by | Jan 15, 2018 | Cover Story, Culture, page 2 | 1 comment

On December 7, 2017 a wildfire broke out on an unpaved road in Murrieta, California. 300 acres of unincorporated land was burned, one structure and six outbuildings were lost. Though it was one of the smaller in last year’s long list of wildfires, it was one that hit close to home. While I was gearing up for finals week, my sister called to ask if there was anything important I needed out of the house. My mother said she could see the wall of flames across the street while standing in our driveway and was preparing for the worst. Aircraft flew low overhead to deliver bright red fire retardant to contain the blaze, which still stains the landscape. A friend of mine who lived at the base of a hill which the fire was eventually contained on was given an evacuation notice. Property owned by my family was charred in the process, but fortunately my mother’s home was unscathed. Thankfully, no one was physically harmed. Over the winter holiday, I went with a friend to inspect the damage left by the fire. These are some of the sights we found.


One of the backstreets near Liberty Road, where the fire began.


This land has been a habitat for all kinds of wildlife for the sixteen years I’ve lived in Murrieta. We encountered no animals while photographing.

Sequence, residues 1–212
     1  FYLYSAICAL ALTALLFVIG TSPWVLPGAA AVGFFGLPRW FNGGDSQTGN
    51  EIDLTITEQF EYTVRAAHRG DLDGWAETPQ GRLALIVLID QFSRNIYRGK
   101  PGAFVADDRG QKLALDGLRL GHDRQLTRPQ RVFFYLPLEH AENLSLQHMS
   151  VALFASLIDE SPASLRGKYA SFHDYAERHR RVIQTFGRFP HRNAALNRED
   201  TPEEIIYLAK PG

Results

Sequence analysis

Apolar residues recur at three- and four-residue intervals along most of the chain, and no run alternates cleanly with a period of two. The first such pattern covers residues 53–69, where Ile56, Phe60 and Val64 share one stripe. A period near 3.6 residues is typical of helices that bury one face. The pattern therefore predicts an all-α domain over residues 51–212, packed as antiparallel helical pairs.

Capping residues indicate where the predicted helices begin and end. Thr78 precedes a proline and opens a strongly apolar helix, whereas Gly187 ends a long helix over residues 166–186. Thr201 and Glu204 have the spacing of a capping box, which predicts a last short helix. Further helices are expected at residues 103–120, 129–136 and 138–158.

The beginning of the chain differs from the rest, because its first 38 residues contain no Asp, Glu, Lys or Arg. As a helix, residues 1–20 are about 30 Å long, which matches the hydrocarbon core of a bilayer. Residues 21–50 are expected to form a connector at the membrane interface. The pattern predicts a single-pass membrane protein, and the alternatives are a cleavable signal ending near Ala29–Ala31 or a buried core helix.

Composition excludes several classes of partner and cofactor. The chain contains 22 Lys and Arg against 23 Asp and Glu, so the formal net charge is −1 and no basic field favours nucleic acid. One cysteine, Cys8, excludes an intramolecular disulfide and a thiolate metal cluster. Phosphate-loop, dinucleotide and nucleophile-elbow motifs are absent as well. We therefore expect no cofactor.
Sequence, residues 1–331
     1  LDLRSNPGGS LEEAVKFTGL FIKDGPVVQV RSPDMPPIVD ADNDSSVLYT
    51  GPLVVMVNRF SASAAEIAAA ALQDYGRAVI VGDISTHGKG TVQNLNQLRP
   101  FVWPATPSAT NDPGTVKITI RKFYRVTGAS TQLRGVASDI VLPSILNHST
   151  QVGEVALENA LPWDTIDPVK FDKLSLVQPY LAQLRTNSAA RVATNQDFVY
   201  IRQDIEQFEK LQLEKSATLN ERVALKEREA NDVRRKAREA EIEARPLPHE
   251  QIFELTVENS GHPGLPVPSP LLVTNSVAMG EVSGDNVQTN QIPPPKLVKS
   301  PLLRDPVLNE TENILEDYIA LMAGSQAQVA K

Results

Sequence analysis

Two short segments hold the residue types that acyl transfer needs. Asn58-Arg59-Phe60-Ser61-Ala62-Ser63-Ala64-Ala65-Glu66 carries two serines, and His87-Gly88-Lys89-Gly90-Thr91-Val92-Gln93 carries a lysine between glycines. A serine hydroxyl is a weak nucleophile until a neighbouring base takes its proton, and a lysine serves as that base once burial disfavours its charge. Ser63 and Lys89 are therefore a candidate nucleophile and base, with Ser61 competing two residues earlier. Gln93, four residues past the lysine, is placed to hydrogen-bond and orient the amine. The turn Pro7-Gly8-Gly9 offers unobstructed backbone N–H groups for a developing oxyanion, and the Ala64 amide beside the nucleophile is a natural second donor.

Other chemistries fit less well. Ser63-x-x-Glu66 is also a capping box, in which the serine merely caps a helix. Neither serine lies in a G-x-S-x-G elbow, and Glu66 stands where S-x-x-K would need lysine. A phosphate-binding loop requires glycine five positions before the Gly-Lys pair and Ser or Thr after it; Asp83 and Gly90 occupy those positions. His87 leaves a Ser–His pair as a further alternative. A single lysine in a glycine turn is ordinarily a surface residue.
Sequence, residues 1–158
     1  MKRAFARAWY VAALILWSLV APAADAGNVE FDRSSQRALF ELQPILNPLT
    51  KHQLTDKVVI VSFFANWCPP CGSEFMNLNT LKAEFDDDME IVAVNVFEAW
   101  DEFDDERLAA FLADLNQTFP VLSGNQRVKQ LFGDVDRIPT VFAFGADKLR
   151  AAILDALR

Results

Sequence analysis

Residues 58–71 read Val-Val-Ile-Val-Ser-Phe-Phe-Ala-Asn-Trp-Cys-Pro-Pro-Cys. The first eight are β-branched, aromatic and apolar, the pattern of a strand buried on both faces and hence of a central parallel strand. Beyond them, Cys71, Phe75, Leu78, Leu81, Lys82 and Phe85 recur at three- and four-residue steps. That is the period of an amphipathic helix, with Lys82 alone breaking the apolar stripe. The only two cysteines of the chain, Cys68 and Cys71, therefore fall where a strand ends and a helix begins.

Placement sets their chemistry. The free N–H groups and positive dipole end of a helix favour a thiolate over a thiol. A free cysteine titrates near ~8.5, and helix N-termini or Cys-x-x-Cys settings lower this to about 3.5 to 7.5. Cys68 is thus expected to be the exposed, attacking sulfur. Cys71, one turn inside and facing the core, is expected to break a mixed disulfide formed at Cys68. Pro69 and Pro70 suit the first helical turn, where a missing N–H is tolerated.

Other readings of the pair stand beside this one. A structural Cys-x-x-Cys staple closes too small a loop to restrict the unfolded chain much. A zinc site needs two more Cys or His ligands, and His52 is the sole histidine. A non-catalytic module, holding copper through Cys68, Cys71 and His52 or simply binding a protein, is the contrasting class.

The telephone lines dangerously close to the site of the fire.


A dramatic line dividing what was saved and what was burned.


One of the few shrubs that managed to keep some of its leaves.


Fire retardant covers a large swath of the unincorporated land. Much of the plant life covered in it still manages to survive.


Budding palm trees like this one refuse to give out.


One of the many homes that narrowly escaped destruction.


Some homes have red-stained front yards.


These white plastic fences are a common sight around Murrieta. Unfortunately, they don’t provide much fire protection.


One of the outbuildings that collapsed from fire damage, and a charred vehicle. Luckily, the family’s home was unscathed.


photos contributed by Redlands Bulldog photographer Jonathan Ruhlman. 



<a href="" target="_self">Jono Ruhlman</a>

Jono Ruhlman

Former Editor-in-Chief. Class of 2020.

1 Comment

  1. Sandi Tierney

    Jones Ruhlman ….Thank You for giving us the pictures that show the damage that was done by the fire. I am in Murietta and because it was not covered as much bý the Press, we had no idea how much was lost.
    Thanks again for your wonderful photography……. Sandi